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PeerJ. 2019 Nov 5;7:e7988. doi: 10.7717/peerj.7988. eCollection 2019.

Endless forms of sexual selection.

Author information

1
Department of Biological and Environmental Sciences, University of Gothenburg, Göteborg, Sweden.
2
Department of Ecology and Genetics, Uppsala University, Uppsala, Sweden.
3
Natural History Museum, University of Oslo, Oslo, Norway.
4
Department of Entomology and Nematology, University of Florida, Gainesville, FL, United States of America.
5
Institute of Integrative Biology, University of Liverpool, Liverpool, United Kingdom.
6
Department of Zoology, Edward Grey Institute, University of Oxford, Oxford, United Kingdom.
7
Department of Ecology and Evolutionary Biology, University of Colorado, Boulder, CO, United States of America.
8
School of Natural Sciences, Technology and Environmental Studies, Södertörn University, Huddinge, Sweden.
9
Department of Organismic and Evolutionary Biology and Museum of Comparative Zoology, Harvard University, Cambridge, MA, United States of America.
10
Gothenburg Centre for Advanced Studies in Science and Technology, Chalmers University of Technology, Göteborg, Sweden.

Abstract

In recent years, the field of sexual selection has exploded, with advances in theoretical and empirical research complementing each other in exciting ways. This perspective piece is the product of a "stock-taking" workshop on sexual selection and sexual conflict. Our aim is to identify and deliberate on outstanding questions and to stimulate discussion rather than provide a comprehensive overview of the entire field. These questions are organized into four thematic sections we deem essential to the field. First we focus on the evolution of mate choice and mating systems. Variation in mate quality can generate both competition and choice in the opposite sex, with implications for the evolution of mating systems. Limitations on mate choice may dictate the importance of direct vs. indirect benefits in mating decisions and consequently, mating systems, especially with regard to polyandry. Second, we focus on how sender and receiver mechanisms shape signal design. Mediation of honest signal content likely depends on integration of temporally variable social and physiological costs that are challenging to measure. We view the neuroethology of sensory and cognitive receiver biases as the main key to signal form and the 'aesthetic sense' proposed by Darwin. Since a receiver bias is sufficient to both initiate and drive ornament or armament exaggeration, without a genetically correlated or even coevolving receiver, this may be the appropriate 'null model' of sexual selection. Thirdly, we focus on the genetic architecture of sexually selected traits. Despite advances in modern molecular techniques, the number and identity of genes underlying performance, display and secondary sexual traits remains largely unknown. In-depth investigations into the genetic basis of sexual dimorphism in the context of long-term field studies will reveal constraints and trajectories of sexually selected trait evolution. Finally, we focus on sexual selection and conflict as drivers of speciation. Population divergence and speciation are often influenced by an interplay between sexual and natural selection. The extent to which sexual selection promotes or counteracts population divergence may vary depending on the genetic architecture of traits as well as the covariance between mating competition and local adaptation. Additionally, post-copulatory processes, such as selection against heterospecific sperm, may influence the importance of sexual selection in speciation. We propose that efforts to resolve these four themes can catalyze conceptual progress in the field of sexual selection, and we offer potential avenues of research to advance this progress.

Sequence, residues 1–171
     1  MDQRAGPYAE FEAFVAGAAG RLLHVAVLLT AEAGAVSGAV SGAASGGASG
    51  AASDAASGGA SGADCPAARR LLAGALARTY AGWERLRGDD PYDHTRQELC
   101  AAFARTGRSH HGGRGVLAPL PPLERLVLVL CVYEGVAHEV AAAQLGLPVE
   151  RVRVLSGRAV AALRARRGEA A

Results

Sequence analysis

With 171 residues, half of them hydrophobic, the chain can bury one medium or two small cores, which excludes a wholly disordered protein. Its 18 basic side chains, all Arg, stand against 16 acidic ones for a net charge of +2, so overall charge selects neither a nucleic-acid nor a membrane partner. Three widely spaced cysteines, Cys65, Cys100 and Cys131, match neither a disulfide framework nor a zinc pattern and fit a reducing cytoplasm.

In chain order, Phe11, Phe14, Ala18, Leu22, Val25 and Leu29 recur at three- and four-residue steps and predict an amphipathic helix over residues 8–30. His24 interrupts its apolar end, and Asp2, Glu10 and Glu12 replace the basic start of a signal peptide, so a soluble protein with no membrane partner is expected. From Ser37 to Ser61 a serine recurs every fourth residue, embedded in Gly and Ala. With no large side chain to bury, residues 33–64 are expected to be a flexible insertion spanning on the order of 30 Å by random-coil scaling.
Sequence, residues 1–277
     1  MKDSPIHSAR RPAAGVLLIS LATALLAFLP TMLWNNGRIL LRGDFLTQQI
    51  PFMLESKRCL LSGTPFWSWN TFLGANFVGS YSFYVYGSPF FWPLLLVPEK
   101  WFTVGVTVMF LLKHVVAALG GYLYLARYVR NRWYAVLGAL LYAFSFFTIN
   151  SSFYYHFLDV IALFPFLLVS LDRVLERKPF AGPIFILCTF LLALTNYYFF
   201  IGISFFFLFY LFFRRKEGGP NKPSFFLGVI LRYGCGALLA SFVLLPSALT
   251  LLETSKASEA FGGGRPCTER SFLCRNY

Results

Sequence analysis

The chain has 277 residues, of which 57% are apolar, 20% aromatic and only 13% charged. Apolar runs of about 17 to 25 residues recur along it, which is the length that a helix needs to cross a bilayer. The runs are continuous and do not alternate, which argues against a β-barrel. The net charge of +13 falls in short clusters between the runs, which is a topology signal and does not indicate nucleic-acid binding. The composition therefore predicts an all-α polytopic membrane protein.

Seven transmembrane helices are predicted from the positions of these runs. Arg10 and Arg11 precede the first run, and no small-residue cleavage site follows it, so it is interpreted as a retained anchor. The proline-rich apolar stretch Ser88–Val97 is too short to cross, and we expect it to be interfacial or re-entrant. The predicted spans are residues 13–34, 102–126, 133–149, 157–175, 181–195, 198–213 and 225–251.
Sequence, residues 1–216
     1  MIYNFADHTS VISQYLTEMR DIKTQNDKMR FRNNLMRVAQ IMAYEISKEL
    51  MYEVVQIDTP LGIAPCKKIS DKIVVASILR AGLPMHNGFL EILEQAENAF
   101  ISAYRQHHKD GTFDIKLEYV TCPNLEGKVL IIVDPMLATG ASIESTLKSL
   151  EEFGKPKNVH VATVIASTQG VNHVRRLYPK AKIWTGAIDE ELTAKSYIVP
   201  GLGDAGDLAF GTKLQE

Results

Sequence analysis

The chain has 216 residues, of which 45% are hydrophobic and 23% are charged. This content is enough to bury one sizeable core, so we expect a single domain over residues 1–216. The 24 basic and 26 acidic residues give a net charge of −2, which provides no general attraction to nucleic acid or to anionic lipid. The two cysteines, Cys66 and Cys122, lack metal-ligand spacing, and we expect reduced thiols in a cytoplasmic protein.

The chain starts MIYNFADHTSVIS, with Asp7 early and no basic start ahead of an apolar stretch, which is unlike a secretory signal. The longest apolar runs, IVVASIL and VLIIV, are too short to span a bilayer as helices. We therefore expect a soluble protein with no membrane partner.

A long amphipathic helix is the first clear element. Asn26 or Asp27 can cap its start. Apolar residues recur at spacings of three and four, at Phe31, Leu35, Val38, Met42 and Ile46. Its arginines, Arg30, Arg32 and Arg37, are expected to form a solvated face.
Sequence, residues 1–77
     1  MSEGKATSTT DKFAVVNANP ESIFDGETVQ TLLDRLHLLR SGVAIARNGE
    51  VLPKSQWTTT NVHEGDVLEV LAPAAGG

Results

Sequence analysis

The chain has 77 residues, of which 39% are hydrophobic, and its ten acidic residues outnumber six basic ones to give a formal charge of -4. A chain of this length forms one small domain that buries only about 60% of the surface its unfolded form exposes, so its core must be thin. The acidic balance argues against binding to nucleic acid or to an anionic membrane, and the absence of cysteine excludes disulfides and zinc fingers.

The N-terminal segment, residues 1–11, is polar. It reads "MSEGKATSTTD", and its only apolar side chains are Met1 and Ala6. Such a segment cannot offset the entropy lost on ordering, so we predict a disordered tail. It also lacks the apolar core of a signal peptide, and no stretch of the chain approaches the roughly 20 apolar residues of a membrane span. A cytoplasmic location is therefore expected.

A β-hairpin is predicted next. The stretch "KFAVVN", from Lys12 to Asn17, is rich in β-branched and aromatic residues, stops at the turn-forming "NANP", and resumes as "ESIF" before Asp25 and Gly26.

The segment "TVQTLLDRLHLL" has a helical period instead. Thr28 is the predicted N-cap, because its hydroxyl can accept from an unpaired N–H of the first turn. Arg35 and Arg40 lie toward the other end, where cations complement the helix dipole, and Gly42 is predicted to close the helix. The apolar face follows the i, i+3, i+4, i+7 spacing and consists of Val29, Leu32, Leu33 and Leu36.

KEYWORDS:

Cryptic female choice; Epigenetics; Mate choice; Polyandry; Sensory bias; Sexual conflict; Sexual selection; Signal honesty; Speciation; Sperm competition

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